HOW TO RECOVER FROM DRIVING ONTO THE SHOULDER OF THE ROAD
A Canadian Direct Insurance Claim:
A Canadian Direct customer was driving south on Hwy. 19, when one of the tires on the passenger side of the car went on to gravel shoulder - he had drifted onto the shoulder of the road. The customer lost control and went into a ditch. There was damage to the left front side of the car, the suspension, and all the tires were blown out.
Could This Accident Have Been Avoided?
Did you know that over one-third of all single car crashes occur like this? And the number of them that result in serious injuries is staggering. So, how would you handle this kind of situation?
Imagine, you're driving 80 KMH down a highway. You look down for a second to grab a cassette tape, when all of a sudden you realise you've steered your right side tires onto the gravel shoulder. What would you do?
Would you try to get the car slowed down as fast as possible by hitting the brakes? How about trying to get the car back on the pavement as fast as possible by quickly steering back to the left?
Judging from the number of these types of crashes, those are the most common "corrections" people use. Often, they use both of them at the same time - hit the brakes while swerving back to the left. And, they usually end up either rolling their vehicle or hitting something on the other side of the road.
In fact, you may be surprised to hear that most crashes involving the right shoulder of the road do not include hitting anything on the right or going into the ditch on that side. No, they usually involve hitting something to the left - an on-coming vehicle, guardrail or mountain face way over on the other side of the road!
So, if braking and steering back on the road isn't the right thing to do, what is?
Well, very little. Just steer the car straight along the shoulder, letting the right side tires run in the gravel, while slowly easing off the gas pedal. Do not brake. Once you've slowed down by coasting, then very gently ease the car back to the left, being careful the tires don't get hooked on the pavement edge.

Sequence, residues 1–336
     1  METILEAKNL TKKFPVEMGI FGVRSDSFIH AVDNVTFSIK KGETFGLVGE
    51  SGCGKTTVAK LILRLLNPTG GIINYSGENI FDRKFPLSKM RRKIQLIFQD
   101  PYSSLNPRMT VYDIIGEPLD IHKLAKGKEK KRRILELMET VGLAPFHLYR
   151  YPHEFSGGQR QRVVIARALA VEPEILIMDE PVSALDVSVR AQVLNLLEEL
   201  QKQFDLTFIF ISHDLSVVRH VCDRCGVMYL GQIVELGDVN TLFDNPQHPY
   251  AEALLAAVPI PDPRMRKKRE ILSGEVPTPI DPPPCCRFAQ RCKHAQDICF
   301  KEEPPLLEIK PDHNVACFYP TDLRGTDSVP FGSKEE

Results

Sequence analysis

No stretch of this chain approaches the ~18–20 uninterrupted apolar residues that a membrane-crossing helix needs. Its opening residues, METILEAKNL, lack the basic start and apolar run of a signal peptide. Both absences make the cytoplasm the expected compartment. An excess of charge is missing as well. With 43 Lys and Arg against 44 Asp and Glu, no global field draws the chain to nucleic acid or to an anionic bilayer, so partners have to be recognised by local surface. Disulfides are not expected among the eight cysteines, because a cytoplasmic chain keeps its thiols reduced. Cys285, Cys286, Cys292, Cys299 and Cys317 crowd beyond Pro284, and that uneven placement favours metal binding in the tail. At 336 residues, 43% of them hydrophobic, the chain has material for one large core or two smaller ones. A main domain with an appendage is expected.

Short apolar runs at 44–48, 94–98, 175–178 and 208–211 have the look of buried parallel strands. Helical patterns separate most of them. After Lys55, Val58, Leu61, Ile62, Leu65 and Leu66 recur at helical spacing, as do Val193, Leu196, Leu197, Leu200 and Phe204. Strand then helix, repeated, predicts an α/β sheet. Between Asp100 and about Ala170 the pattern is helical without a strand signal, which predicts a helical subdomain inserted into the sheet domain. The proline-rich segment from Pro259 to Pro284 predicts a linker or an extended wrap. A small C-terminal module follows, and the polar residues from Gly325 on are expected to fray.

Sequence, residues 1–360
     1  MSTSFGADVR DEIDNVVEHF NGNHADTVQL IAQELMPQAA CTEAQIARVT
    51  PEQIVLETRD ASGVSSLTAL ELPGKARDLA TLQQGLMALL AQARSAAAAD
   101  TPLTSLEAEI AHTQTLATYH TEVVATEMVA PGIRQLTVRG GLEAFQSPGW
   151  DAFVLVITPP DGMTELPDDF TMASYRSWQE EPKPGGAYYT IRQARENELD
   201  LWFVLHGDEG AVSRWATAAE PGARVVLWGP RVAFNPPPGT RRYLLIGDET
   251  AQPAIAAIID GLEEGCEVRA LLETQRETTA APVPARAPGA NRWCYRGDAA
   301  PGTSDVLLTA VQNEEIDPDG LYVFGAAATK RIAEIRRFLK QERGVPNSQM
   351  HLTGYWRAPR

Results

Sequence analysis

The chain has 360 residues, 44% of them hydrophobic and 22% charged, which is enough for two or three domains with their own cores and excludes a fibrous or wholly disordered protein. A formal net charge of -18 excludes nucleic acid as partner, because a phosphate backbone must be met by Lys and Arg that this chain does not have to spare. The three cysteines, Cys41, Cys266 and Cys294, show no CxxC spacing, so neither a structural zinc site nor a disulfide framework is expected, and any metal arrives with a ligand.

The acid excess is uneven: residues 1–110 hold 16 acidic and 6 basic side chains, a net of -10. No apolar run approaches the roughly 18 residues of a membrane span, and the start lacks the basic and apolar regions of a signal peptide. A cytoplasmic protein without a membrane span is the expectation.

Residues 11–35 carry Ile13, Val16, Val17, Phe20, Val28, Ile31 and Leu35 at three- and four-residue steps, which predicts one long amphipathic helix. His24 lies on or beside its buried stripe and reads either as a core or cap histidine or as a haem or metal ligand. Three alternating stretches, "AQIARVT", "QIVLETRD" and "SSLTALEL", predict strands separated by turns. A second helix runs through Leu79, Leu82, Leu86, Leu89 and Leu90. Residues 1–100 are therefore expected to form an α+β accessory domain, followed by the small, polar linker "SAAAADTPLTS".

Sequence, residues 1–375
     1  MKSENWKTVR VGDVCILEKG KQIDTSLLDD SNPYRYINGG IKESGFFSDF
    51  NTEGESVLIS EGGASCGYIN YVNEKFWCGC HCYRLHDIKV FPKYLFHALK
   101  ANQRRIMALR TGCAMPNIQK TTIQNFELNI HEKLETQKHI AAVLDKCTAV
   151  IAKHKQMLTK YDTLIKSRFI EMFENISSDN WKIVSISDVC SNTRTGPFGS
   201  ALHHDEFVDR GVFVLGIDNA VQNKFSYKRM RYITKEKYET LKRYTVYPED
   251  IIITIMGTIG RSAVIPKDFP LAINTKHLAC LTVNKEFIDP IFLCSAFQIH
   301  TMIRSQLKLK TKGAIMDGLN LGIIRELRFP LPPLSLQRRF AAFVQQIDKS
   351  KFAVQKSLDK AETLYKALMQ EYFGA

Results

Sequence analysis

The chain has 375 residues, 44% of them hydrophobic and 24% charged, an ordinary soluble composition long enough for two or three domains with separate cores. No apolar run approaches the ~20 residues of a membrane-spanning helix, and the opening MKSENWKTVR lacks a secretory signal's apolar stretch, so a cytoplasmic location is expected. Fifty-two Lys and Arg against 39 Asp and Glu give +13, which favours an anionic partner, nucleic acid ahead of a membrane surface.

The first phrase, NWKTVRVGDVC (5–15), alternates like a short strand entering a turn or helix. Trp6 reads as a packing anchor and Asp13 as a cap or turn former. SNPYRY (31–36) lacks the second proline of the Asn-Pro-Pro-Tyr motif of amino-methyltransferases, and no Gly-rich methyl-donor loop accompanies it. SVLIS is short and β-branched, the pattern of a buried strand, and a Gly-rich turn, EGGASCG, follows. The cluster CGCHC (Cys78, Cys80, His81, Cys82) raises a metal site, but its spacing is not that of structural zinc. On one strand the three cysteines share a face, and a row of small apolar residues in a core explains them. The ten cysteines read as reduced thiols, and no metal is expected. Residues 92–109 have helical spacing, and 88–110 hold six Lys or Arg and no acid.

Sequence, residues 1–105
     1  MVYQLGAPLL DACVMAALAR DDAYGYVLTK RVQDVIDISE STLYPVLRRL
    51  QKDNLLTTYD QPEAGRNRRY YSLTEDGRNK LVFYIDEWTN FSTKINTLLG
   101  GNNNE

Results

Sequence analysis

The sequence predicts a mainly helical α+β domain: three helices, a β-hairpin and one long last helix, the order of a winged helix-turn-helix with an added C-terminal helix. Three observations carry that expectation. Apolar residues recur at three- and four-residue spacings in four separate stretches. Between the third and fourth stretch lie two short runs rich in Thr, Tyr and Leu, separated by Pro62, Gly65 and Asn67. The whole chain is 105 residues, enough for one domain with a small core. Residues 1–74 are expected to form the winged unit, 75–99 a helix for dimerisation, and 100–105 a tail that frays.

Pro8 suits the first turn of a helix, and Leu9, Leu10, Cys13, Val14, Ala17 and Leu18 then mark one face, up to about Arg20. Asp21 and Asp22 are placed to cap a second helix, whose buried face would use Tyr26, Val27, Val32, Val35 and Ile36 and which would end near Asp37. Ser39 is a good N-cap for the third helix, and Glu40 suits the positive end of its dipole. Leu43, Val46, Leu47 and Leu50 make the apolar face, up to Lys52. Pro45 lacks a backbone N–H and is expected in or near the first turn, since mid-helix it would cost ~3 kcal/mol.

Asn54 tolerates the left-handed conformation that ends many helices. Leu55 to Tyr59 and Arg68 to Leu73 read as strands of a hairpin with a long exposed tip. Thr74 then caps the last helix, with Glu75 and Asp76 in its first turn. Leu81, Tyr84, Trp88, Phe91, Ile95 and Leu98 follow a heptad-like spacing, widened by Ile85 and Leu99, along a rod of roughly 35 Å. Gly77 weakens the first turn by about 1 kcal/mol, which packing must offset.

The important thing to remember is: it won't hurt one little bit to drive with the right side tires on the gravel shoulder. In fact, you could drive for kilometres and kilometres on the shoulder of the road (no, I'm not recommending that!).
I understand that it is human nature to want to get back on the road immediately. But by hitting the brakes or swerving back immediately, you're more likely to send the car out of control. So, again, relax and steer straight along the shoulder of the road, while easing off the gas pedal. Then, when the car is slowed down and you feel completely under control, gently ease the car back on the road.
So, how does a car end up on the left side of the road after driving on the right shoulder? If you try to steer back to the left too quickly, one of two things may happen. As you bring the front end back on the pavement, you now have two front tires with traction and only one rear with traction - causing the car to spin directly back across the road. Or, the tires may hook on the edge of the pavement, possibly causing the car to roll.
Let's review what you should do. To control a vehicle you've accidentally driven onto the shoulder of the road, steer along the edge of the road, ease off the gas pedal, and then when you feel you have your vehicle completely under control, gently steer back on the roadway.
The important thing to remember if you should ever end up on the far right side of the road is that the gravel shoulder will not hurt you. Trying to get back on the pavement too quickly probably will.